These criticisms aside, Moltz deserves praise for producing a study that addresses timely and important issues. His thoughtful examination exposes how economic and political competition among Asian nations has released new “forces that have made space a very different and more complicated environment than it was during the cold war” (p. 189). Now, space activities are critical ingredients in state plans for nation-building and economic development. His comprehensive description of this new pattern demonstrates conclusively that there now is no “set definition of what constitutes a ‘space program’” (p. 158). Another interesting result has been antagonism between old and new competitors. Moltz describes how “Indian representatives” in 2007 at the United Nations “argued that unfairly forcing India and other developing countries to abide by strict debris-mitigation guidelines now amounted to ‘cultural imperialism’” (p. 131). Regrettably, the author’s remark that “few are shying away from space” escapes critical analysis because he believes that these activities contribute importantly to “success in overcoming obstacles in land use, coastal management, disaster prevention, agricultural production, urban planning, and, from a broader perspective, national governance” (p. 188). An Indian space engineer at India’s first national symposium on rocketry in 1967, referring to the U.S. lunar program, asked the central question that Moltz quotes, but leaves unanswered: “‘Is this a valid enterprise? Could not this effort be applied for the teaming, starved, illiterate, ill housed, ill clad, ill cared [for] population of the world?’” (p. 114).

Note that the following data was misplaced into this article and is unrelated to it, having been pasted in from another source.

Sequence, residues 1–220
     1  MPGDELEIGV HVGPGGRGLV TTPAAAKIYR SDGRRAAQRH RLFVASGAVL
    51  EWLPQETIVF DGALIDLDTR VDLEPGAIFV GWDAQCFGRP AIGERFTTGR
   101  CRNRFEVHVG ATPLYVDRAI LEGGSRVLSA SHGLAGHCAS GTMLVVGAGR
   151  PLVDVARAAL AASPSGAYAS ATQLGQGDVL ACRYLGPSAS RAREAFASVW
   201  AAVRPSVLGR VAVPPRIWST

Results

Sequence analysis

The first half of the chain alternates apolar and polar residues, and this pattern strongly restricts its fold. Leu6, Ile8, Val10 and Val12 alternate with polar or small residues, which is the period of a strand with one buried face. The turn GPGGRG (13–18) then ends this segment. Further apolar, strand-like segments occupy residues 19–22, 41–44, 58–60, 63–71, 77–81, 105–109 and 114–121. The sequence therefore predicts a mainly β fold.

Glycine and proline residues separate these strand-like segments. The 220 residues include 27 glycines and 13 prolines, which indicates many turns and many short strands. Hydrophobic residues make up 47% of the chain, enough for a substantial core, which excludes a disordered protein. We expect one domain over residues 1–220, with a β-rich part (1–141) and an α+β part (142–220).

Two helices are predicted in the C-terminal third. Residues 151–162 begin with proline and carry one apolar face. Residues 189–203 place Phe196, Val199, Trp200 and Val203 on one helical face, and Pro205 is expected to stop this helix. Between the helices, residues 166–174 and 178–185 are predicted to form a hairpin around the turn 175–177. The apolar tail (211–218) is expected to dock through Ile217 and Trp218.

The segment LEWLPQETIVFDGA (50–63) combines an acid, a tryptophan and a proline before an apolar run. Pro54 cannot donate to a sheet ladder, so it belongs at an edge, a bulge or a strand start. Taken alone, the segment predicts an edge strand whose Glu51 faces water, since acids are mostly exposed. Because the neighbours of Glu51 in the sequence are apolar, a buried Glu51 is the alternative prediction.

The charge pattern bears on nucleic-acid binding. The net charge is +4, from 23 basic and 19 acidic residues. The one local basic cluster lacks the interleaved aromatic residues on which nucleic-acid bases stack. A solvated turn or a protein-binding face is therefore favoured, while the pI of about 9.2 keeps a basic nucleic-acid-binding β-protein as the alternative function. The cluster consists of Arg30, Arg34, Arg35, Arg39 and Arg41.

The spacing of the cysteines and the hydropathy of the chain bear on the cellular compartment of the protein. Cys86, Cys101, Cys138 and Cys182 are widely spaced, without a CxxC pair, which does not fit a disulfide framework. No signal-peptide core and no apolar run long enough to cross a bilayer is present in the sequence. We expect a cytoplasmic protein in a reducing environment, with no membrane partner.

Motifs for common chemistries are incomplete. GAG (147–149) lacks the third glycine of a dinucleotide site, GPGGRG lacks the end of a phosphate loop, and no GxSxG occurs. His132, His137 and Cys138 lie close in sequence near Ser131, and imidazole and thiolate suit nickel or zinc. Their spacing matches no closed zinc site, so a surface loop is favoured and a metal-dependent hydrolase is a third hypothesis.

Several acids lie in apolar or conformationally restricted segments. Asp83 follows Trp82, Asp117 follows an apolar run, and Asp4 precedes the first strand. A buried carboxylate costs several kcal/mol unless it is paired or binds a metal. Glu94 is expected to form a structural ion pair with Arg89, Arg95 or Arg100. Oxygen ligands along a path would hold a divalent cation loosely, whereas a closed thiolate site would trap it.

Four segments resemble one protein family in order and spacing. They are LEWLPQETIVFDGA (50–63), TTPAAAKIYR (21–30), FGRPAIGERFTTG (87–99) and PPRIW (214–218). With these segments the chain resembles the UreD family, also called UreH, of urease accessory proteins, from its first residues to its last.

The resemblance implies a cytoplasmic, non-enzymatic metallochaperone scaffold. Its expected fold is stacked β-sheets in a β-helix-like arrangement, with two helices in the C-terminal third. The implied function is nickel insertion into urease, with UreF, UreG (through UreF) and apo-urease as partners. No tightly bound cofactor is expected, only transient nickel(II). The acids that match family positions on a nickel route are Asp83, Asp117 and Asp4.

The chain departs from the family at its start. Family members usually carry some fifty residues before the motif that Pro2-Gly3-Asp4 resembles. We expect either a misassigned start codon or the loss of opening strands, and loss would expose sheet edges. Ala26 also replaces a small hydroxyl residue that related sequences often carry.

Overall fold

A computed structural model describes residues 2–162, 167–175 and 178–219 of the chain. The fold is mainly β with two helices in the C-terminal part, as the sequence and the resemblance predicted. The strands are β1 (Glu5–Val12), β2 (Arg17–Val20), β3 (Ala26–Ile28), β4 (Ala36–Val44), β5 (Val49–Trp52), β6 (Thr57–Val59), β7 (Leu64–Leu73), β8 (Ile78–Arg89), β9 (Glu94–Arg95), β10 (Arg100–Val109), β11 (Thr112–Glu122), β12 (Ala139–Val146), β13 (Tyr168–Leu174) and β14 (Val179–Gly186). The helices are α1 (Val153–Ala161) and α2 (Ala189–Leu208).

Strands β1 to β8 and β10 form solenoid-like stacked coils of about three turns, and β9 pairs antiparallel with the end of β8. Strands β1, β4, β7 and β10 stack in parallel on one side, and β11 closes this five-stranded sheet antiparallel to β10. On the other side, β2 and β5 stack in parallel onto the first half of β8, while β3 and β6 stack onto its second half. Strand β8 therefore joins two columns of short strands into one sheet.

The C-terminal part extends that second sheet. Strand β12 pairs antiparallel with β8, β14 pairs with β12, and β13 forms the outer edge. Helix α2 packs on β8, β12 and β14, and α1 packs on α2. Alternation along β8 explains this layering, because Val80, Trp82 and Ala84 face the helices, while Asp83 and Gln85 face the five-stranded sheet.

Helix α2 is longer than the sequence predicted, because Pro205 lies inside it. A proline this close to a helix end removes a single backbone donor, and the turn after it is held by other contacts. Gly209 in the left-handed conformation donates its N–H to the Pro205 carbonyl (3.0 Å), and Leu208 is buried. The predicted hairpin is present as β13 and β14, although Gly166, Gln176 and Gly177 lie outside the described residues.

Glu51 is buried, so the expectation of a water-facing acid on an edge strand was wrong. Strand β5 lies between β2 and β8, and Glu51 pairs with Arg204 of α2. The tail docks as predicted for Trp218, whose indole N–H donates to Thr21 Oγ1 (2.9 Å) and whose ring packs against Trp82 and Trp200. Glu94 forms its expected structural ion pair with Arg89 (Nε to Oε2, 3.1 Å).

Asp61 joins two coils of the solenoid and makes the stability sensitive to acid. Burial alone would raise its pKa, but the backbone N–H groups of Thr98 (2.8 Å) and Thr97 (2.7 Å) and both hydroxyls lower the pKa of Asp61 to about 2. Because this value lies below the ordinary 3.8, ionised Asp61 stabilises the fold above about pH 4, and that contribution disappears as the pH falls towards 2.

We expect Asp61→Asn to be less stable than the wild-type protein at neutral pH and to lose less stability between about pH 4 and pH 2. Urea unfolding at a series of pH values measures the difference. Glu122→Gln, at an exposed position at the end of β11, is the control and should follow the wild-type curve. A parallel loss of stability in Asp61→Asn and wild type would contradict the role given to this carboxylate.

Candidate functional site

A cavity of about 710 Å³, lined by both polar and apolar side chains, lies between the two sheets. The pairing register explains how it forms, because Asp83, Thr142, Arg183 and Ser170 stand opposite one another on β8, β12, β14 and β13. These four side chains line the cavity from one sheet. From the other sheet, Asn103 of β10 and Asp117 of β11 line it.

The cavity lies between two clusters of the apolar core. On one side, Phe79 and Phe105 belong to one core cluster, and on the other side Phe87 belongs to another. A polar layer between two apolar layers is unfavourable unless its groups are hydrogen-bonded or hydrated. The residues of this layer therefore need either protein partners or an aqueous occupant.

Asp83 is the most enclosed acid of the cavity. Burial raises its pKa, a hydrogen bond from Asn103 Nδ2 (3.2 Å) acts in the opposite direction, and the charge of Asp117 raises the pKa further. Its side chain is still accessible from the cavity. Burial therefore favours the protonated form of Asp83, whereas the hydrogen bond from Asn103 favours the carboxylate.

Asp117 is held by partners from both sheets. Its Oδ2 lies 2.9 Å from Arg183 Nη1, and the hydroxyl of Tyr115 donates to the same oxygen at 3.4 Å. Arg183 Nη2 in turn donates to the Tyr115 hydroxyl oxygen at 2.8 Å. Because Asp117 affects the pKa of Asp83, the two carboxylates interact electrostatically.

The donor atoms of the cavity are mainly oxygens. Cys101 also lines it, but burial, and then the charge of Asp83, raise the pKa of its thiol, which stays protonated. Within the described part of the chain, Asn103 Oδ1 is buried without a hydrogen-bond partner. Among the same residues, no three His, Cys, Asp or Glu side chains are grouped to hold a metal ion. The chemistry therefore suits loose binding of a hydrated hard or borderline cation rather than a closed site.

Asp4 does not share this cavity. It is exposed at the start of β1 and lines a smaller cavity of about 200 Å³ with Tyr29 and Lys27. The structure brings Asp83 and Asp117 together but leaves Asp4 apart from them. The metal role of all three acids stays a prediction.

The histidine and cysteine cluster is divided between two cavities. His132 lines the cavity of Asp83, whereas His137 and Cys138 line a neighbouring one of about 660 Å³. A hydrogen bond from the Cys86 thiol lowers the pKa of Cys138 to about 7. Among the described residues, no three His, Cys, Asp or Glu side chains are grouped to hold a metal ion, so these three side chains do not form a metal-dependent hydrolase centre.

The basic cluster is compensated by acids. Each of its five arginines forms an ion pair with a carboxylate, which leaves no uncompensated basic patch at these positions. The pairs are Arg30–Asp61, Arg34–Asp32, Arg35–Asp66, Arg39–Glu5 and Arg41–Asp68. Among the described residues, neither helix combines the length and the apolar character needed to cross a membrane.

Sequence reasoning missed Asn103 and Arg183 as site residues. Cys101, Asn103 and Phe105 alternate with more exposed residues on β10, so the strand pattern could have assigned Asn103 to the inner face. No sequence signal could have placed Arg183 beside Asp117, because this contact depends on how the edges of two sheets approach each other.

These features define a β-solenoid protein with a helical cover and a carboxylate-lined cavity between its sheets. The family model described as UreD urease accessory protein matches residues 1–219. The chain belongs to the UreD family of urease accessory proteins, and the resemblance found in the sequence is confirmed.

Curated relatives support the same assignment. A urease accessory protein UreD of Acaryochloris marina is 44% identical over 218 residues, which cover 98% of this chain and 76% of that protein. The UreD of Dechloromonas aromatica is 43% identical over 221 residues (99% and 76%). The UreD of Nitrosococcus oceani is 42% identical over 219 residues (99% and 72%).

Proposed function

In his conclusion, Moltz warns that the potential for a bad outcome is real in Asia’s space race. The reason is that “space remains a bastion of nationalism” that sustains inertia and inaction (p. 193). Nationalism has produced a “missing middle” which Moltz defines as “the absence of substantive cooperation among the major four Asia space programs … (China, India, South Korea, and Japan)” (p. 33). But his assessment of future questions facing space activities in civil, commercial, and military affairs identifies factors that will promote cooperation. Environmental collaboration, reducing costs, and broader economic globalization provide reason for “guarded optimism” (p. 219). Japan also has acted through APRSAF to encourage regional cooperation, initiating “a series of training efforts for less-developed Asian nations, assistance programs (such as the provision of telescopes, satellite data, and ground stations), and eventually joint development projects” (p. 54). Moltz also praises Tokyo’s low-profile approach in Asia’s space race that seeks to minimize losses while avoiding unilateralism, confrontation, and pursuit of risky gains. By contrast, Asian nations fear that cooperation is not a major priority in China’s space program. Moltz emphasizes that “all capitals need to be cautious not to overreact and not to adopt an assumption that its own country is the bulls-eye for policy decisions by all others” (p. 20).